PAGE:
Sorry, George, but these insurgents show absolutely no respect for the lives of the their own countrymen, having killed thousands in attacks that plainly show no regard for life whatsoever. If they think they are following their faith by such actions, they are very misguided. But as for the comment by Falkirk MP Mr Joyce that "...British troops at greater risk..." I think that's tosh.

BBC NEWS | Politics | Galloway praises Iraq 'martyrs'

"London bombs 'set off by mobiles'
The bombs that killed 56 people in London on 7 July were probably detonated using mobile phones [used as alarm clocks], New York police officials have said. They were made in Leeds from household chemicals like hair bleach and stored in a powerful refrigerator, they said. Commissioner Ray Kelly was briefing New York security industry bosses on information given to NYPD officers monitoring the investigation in London. Scotland Yard has refused to comment on the US claims. The NYPD said UK authorities were happy for them to release details.

Sounds like another unauthorised leak to me. If Scotland Yard wanted this information made public, I hardly think they'd be using the NYPD as their press agents.

BBC NEWS | UK | London bombs 'set off by mobiles'

Green credentials

Photo from flickrGreen credentials
Photo uploaded to flickr 4 Aug '05, 9.16am PST by hockeyshooter

I've just taken a set of photos to illustrate some of the steps we've taken to make our household a little more respectful to the environment. I also drive a small car, with a small engine, and car share.

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"Bad to the Last Drop
IT'S summertime, and odds are that at some point during your day you'll reach for a nice cold bottle of water.

Bottled water is undeniably more fashionable and portable than tap water. The practice of carrying a small bottle, pioneered by supermodels, has become commonplace.

Here's someone who agrees with me that bottled water is illogical (since hardly anyone can tell the difference between it and tap water), environmentally damaging (with all the transport, refrigeration and waste plastic bottles going into landfill) and insulting (to the millions of people in the world who don't have drinkable tap water - or even any taps at all).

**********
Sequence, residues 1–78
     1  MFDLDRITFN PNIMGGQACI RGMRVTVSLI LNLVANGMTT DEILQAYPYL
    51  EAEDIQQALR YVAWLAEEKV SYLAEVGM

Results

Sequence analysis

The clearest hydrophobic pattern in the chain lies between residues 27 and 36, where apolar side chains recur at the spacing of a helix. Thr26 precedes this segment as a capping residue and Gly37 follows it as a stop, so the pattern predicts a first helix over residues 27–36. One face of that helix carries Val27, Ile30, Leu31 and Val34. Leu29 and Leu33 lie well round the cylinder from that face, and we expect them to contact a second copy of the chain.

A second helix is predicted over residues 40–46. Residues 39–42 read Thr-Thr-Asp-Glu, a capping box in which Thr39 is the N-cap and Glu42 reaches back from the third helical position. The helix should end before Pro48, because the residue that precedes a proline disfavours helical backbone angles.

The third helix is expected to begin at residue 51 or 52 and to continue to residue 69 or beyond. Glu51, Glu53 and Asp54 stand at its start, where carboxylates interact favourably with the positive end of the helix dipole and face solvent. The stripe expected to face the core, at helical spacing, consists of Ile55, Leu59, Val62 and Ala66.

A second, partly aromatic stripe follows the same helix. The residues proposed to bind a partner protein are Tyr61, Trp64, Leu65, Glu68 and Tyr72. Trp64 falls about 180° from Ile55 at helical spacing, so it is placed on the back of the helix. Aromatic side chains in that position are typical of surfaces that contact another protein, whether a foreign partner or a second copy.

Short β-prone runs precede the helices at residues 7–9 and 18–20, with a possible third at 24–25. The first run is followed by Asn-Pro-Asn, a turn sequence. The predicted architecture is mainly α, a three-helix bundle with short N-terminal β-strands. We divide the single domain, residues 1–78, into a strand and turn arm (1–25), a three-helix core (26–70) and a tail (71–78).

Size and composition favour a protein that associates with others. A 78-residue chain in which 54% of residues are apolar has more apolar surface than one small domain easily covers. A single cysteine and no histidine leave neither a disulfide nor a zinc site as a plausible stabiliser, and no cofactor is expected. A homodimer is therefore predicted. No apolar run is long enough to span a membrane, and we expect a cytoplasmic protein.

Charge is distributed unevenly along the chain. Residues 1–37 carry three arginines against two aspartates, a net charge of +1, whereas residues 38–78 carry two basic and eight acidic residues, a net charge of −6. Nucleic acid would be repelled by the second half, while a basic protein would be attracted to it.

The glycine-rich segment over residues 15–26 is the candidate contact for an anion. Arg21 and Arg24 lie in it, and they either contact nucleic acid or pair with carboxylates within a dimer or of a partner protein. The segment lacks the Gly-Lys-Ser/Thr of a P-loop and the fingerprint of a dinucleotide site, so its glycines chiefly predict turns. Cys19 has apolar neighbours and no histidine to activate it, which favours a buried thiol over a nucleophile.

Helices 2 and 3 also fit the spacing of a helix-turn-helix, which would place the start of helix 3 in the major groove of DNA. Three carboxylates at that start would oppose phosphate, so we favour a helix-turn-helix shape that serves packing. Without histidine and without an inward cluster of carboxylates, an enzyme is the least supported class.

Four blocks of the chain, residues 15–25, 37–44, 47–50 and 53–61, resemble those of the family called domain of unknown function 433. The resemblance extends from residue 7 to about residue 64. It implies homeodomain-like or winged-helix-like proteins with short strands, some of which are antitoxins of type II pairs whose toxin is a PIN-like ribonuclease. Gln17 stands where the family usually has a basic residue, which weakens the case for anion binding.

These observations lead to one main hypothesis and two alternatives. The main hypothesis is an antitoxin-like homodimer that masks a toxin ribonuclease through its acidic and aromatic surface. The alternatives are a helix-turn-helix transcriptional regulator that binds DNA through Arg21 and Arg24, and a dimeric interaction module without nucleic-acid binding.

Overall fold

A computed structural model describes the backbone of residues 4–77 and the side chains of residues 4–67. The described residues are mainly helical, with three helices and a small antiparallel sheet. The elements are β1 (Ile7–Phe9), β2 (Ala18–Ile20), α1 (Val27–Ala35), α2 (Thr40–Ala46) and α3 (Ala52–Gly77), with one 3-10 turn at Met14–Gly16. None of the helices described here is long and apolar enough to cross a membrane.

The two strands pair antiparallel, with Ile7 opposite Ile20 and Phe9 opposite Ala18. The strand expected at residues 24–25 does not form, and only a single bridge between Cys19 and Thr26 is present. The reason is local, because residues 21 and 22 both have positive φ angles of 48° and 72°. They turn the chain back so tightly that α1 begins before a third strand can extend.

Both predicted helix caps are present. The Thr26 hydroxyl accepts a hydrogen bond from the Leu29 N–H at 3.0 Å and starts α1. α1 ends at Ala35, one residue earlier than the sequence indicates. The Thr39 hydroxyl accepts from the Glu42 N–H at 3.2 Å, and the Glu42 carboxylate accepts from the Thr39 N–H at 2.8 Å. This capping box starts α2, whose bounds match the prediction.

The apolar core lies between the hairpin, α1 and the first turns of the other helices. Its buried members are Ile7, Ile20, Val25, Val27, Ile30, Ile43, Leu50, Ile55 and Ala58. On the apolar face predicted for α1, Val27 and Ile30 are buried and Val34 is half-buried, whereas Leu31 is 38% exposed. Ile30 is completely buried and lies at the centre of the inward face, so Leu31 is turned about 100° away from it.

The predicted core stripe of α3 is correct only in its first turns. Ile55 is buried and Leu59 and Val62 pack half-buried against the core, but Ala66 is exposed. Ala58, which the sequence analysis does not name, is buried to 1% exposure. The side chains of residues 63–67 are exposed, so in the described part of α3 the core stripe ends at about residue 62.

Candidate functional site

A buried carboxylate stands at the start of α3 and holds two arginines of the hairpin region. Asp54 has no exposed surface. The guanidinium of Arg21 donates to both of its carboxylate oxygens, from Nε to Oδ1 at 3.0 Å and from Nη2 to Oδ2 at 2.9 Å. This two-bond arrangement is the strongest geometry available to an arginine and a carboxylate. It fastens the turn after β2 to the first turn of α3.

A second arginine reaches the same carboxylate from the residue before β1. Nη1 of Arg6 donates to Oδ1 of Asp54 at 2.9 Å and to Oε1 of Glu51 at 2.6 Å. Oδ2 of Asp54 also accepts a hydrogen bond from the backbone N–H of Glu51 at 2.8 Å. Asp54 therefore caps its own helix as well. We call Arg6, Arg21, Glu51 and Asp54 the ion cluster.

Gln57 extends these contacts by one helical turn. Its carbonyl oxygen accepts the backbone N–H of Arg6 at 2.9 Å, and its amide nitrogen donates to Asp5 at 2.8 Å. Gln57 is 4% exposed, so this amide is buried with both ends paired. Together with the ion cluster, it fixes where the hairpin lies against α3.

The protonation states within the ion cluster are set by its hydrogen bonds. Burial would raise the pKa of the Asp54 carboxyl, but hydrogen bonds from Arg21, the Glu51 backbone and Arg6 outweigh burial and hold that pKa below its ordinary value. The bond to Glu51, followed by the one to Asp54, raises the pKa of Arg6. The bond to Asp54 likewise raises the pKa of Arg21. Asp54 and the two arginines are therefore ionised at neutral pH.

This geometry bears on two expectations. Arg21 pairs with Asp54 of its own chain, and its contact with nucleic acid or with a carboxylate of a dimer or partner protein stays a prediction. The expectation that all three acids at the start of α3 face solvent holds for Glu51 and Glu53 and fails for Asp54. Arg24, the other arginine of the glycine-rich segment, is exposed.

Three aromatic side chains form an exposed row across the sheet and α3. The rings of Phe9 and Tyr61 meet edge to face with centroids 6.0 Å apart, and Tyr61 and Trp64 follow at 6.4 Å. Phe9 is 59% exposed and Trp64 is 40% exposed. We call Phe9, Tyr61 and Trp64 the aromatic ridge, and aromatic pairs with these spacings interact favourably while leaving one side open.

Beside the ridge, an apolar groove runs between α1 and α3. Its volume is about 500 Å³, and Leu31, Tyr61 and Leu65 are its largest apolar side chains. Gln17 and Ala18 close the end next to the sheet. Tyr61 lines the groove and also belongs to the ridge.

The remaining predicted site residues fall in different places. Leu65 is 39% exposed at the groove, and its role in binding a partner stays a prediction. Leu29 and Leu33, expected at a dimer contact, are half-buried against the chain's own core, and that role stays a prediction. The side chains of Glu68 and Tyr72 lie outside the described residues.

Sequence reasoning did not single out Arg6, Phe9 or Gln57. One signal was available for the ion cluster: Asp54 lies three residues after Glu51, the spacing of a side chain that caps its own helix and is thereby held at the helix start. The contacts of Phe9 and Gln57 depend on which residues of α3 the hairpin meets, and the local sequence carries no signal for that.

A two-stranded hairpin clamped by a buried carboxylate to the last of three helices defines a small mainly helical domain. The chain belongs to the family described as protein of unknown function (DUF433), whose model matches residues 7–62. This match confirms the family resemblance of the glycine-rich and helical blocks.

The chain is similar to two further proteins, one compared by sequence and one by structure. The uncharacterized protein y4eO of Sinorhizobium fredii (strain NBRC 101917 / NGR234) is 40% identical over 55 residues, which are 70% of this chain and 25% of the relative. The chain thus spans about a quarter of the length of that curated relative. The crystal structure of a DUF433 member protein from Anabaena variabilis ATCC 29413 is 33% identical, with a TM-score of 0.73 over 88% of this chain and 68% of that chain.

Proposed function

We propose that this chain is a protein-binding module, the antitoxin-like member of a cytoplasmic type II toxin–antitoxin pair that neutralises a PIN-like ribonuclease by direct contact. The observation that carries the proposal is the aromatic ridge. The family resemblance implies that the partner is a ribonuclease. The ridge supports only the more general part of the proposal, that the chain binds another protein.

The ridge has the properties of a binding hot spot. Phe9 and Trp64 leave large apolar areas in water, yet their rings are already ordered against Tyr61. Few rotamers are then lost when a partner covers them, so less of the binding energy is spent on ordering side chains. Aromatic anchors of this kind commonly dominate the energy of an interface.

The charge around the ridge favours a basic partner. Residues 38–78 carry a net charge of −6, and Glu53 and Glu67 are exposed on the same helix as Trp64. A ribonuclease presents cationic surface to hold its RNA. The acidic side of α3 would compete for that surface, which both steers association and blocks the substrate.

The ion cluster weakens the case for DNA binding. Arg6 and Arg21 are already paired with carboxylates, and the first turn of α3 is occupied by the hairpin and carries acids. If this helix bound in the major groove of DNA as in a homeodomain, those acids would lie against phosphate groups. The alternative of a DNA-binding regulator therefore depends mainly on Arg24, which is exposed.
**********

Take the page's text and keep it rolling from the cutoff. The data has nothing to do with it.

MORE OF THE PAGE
"Clean water could be provided to everyone on earth for an outlay of $1.7 billion a year beyond current spending on water projects, according to the International Water Management Institute. Improving sanitation, which is just as important, would cost a further $9.3 billion per year. This is less than a quarter of global annual spending on bottled water."

Bad to the Last Drop - New York Times

An interesting site on sustainability at a domestic level in action in a house in Oxford, England.

The Yellow House

"Sustainable Energy from Greenhouse Gases
Coal Mine Methane (CMM), a hazardous waste escaping to atmosphere from abandoned coalmines, has a Global Warming Potential ('GWP') 23 times greater than carbon dioxide. In the UK, this gas, seeping into the air from up to 1,000 abandoned mines, is estimated to contribute as much as 13 mtpa of carbon dioxide equivalent to the atmosphere. The capture and use of this potent greenhouse gas as a sustainable energy resource, whether from landfill sites or abandoned coalmines, not only reduces emissions by a factor of 87% but also substitutes for imported fossil fuel.

There are seven CMM capture projects in operation in the UK generating about 30 MW and these benefit the environment by capturing emissions equivalent to the removal of around 310,000 cars from the roads. Capturing CMM and converting it to electricity saves 9 times more CO2 per KWh generated than wind power. The largest plant in Europe, built by Alkane and its power generation partner Scottish & Southern, at Wheldale, Yorkshire produces enough power to supply 10,000 homes.

I guess this is one of those technologies that Bush's new global warming consortium could 'trade', especially to China who have lots of very large coal mines.

Geological Society | Abstracts | Sustainable Energy from Greenhouse Gases

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Wednesday, 3 August 2005

"...the Google of VoIP looks like it might be Skype, which was almost sold last week to Rupert Murdoch's News Corp. for $3 billion."

Now, let me guess: will VoIP get easier and/or cheaper under Murdoch? Or not? Mmm.